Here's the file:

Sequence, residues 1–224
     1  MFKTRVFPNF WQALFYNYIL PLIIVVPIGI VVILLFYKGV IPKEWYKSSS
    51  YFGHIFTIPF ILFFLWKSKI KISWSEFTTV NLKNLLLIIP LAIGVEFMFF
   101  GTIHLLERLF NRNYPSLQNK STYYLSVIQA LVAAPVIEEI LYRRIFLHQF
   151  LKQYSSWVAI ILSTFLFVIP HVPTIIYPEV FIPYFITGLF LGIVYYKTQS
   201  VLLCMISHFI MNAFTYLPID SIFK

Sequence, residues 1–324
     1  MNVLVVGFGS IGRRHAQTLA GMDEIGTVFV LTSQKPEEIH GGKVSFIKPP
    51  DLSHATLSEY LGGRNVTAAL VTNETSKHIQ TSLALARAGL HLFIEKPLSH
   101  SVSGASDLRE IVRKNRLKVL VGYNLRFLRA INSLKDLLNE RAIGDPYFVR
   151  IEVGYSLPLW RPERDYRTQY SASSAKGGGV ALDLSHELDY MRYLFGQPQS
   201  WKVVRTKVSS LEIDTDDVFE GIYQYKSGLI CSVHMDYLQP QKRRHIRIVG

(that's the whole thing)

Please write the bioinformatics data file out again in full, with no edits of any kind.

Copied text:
Sequence, residues 1–224
     1  MFKTRVFPNF WQALFYNYIL PLIIVVPIGI VVILLFYKGV IPKEWYKSSS
    51  YFGHIFTIPF ILFFLWKSKI KISWSEFTTV NLKNLLLIIP LAIGVEFMFF
   101  GTIHLLERLF NRNYPSLQNK STYYLSVIQA LVAAPVIEEI LYRRIFLHQF
   151  LKQYSSWVAI ILSTFLFVIP HVPTIIYPEV FIPYFITGLF LGIVYYKTQS
   201  VLLCMISHFI MNAFTYLPID SIFK

Sequence, residues 1–324
     1  MNVLVVGFGS IGRRHAQTLA GMDEIGTVFV LTSQKPEEIH GGKVSFIKPP
    51  DLSHATLSEY LGGRNVTAAL VTNETSKHIQ TSLALARAGL HLFIEKPLSH
   101  SVSGASDLRE IVRKNRLKVL VGYNLRFLRA INSLKDLLNE RAIGDPYFVR
   151  IEVGYSLPLW RPERDYRTQY SASSAKGGGV ALDLSHELDY MRYLFGQPQS
   201  WKVVRTKVSS LEIDTDDVFE GIYQYKSGLI CSVHMDYLQP QKRRHIRIVG